On paper, the MiG-29K looks promising. However, some recent accidents have their future in doubt at least in India: The aircraft carrier serves a simple function – as the name suggests – to transport aircraft. Yet, the aircraft carrier, like overseas bases, is fundamental to power projection. No great power, or even regional power, is without an aircraft carrier. In fact, a country’s aircraft carriers are a somewhat reliable metric of a country’s wealth – and ambition. America has 11 active-duty aircraft carriers, for example, each capable of carrying over 100 F/A-18 Hornets. Russia, on the other hand, has only one aircraft carrier, the beleaguered Admiral Kuznetsov. The Kuznetsov, perhaps best known for its noxious emissions, is capable of carrying just 24 jets at once – six of which are typically the MiG-29K, an all-weather carrier-based multi-role fighter.
The MiG-29K is an outgrowth of the MiG-29M. The K-variant, designed to meet the punishing specifications of carrier operations, features a beefed-up undercarriage, reinforced tail section, catapult attachments, and arrestor hook. Additionally, the K-variant has a folding-wing (to save space aboard the Admiral Kuznetsov) and increased wing area (to generate more lift in aiding short take-offs).
On November 1, 1989, Kazakh test pilot (and later cosmonaut) Toktor Aubakirov made the MiG-29K’s maiden flight. Aubakirov put the K-variant through its paces, first landing on the Kuznetsov, and later that same day, successfully performing a carrier-based take-off. Using a “ski-jump” runway, the K-variant can perform very short take-offs.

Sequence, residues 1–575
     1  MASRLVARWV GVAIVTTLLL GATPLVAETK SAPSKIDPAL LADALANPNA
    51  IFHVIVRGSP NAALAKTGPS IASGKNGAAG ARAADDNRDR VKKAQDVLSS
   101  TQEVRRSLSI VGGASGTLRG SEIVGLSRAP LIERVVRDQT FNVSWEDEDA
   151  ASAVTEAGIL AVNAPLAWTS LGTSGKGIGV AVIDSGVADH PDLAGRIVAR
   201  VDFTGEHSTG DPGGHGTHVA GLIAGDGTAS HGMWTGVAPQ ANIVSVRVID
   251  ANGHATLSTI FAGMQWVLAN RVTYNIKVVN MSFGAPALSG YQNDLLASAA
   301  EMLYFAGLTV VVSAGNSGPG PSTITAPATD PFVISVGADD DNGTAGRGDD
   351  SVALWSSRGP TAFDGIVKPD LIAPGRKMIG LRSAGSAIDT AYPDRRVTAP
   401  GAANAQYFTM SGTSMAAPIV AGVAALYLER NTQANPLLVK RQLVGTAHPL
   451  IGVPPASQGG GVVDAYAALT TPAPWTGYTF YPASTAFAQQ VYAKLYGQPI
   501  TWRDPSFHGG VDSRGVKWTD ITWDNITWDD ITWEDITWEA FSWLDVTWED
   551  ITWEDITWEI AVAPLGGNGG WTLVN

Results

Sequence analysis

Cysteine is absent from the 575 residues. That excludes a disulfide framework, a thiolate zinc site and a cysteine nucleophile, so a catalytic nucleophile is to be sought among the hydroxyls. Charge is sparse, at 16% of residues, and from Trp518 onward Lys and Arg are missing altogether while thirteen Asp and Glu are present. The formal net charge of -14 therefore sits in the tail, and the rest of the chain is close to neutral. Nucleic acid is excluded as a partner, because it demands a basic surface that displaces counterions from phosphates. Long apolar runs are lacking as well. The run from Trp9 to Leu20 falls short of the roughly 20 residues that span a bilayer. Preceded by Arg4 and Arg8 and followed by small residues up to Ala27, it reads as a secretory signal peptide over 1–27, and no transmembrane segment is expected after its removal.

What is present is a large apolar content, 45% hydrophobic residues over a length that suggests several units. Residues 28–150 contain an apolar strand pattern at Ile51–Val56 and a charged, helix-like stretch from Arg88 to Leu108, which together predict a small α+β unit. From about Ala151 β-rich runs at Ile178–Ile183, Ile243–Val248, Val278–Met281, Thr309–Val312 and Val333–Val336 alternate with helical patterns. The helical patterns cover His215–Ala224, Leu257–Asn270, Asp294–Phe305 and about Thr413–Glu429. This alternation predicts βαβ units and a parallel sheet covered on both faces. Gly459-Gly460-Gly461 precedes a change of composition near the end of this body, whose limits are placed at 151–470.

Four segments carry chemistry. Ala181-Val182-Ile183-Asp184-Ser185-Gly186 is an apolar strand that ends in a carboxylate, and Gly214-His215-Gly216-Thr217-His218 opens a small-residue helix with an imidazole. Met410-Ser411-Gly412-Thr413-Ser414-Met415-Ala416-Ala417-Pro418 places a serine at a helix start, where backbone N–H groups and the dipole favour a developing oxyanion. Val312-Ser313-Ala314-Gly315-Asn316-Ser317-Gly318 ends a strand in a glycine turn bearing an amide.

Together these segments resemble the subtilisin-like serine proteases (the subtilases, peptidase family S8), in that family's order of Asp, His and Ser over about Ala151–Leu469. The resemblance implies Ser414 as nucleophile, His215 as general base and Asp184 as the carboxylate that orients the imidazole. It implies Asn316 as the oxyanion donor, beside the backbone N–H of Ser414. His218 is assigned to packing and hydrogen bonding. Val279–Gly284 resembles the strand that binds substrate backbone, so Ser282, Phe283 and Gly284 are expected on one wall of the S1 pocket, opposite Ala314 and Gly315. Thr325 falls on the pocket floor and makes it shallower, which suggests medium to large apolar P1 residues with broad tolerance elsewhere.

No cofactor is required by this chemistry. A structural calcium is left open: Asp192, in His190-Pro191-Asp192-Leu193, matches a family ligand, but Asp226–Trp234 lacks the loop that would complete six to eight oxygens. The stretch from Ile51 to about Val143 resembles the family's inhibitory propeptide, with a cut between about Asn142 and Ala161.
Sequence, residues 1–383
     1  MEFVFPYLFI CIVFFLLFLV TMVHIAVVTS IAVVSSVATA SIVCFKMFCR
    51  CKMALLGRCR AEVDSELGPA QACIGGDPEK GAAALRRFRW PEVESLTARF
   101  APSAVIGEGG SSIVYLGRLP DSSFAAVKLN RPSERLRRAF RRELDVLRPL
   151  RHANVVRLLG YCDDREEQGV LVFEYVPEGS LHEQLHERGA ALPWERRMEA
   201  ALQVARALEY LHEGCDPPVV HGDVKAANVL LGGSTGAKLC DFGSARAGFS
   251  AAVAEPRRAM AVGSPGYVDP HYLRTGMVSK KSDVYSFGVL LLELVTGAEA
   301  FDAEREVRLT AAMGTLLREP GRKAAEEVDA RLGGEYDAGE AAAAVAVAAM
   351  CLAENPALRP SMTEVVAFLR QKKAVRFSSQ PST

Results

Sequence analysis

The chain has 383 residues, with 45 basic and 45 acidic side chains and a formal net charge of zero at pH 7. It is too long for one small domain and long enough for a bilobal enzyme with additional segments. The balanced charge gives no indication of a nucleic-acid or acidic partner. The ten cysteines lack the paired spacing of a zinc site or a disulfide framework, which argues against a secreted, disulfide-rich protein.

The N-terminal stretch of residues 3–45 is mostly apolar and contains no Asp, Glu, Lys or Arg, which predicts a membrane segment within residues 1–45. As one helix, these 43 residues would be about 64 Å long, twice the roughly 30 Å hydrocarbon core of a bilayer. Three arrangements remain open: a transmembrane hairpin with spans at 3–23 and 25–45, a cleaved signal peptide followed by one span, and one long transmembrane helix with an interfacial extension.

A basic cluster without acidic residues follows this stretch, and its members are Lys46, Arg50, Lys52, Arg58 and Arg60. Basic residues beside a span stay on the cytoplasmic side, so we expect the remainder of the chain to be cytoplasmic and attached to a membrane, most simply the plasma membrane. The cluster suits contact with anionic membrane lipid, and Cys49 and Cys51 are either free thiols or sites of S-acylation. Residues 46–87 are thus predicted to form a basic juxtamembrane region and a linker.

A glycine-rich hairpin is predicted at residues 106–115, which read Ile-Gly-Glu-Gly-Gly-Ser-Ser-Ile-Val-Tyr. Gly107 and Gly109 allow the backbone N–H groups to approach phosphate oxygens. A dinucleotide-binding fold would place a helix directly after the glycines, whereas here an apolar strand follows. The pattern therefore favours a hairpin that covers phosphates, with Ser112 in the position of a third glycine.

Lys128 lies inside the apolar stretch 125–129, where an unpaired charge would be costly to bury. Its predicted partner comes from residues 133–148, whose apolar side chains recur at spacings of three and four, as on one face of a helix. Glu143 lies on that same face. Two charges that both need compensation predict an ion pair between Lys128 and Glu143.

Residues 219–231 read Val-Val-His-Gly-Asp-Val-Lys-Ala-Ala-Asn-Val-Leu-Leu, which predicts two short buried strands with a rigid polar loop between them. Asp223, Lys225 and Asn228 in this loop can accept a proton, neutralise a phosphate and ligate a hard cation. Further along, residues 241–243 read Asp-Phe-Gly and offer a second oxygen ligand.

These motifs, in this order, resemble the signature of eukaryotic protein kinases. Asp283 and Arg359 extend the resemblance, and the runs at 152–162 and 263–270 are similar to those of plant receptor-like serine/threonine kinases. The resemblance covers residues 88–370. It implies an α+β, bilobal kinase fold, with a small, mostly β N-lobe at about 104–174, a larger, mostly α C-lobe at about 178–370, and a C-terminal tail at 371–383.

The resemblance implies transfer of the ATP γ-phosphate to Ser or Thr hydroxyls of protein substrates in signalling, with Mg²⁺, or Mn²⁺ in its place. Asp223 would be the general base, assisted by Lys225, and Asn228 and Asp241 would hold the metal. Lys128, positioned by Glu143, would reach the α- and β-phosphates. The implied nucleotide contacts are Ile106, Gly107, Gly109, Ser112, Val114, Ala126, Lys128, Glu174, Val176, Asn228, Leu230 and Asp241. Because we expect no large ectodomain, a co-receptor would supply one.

For power, the MiG-29K relies on two widely spaced, specially modified RD-33MKs. The MK-version, found on the MiG-29, produces 7% more power than the standard RD-33. For shipborne operations, the RD-33MKs generate nearly 21,000 pounds of thrust, per engine, on take-off. The MK-engine was also designed to reduce infrared signature, making the MiG harder to detect. With a top speed over Mach 2, the MiG-29K combat radius is 810 miles, thanks to three underwing external drop tanks. The jet can cruise at Mach 1.21 and operate within a service ceiling of 57,400 feet. The MiG can climb at an impressive 65,000 feet per minute and pull eight or more G’s.
The K-variant is equipped with a GSg-30-1 30 mm cannon, found in the port wing. The jet can also carry laser-guided and electro-optical bombs, plus air-to-surface missiles. While the MiG-29K is not a stealth aircraft, the jet features low-observable technology, including radar-absorbent materials. Allegedly, the K-variant’s radar signature is four to five times less than the standard MiG-29. Onboard the MiG-29K is a capable Zhuk-ME radar system. The Zhuk radar is capable of terrain mapping, improved signal processing, and a detection range of up to 75 miles. A sophisticated, 500 pound radar, the Zhuk can track up to ten targets simultaneously; four targets can be engaged simultaneously.
Russia isn’t the only MiG-29K operator. India also has a batch. In 2004, India ordered a dozen single-seat K-variants (and four two-seat KUB-variants), for the purpose of populating India’s growing aircraft carrier fleet; India purchased Russia’s Admiral Gorshkov aircraft carrier (and renamed it the INS Vikramaditya). India also has their own, homegrown aircraft carrier, the INS Vikrant.
In the last few years, the two-seat KUB-variant’s reputation has been mired in a series of accidents. Two Indian MiGs crashed in 2020 (and another in 2019) leaving the Indians concerned with the quality of the Russian aircraft. It even seems now India is getting set to potentially dump the MiG-29K in the near future as it looks into possible replacements.
Harrison Kass is a Senior Defense Editor at 19FortyFive. An attorney, pilot, guitarist, and minor pro hockey player, he joined the US Air Force as a Pilot Trainee but was medically discharged. Harrison has degrees from Lake Forest College, the University of Oregon, and New York University. He lives in Oregon and regularly listens to Dokken.